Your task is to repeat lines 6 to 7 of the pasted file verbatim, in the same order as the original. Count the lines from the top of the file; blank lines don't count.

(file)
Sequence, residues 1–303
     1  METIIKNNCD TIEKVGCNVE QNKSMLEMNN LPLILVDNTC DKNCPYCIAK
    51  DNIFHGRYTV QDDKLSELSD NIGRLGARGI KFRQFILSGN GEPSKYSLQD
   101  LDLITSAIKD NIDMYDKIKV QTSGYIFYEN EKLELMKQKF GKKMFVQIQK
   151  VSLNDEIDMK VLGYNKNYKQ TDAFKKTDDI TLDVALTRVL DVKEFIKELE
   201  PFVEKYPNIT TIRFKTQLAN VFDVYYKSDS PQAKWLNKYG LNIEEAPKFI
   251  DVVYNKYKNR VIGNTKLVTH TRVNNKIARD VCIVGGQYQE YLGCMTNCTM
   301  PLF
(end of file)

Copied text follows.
   201  PFVEKYPNIT TIRFKTQLAN VFDVYYKSDS PQAKWLNKYG LNIEEAPKFI
   251  DVVYNKYKNR VIGNTKLVTH TRVNNKIARD VCIVGGQYQE YLGCMTNCTM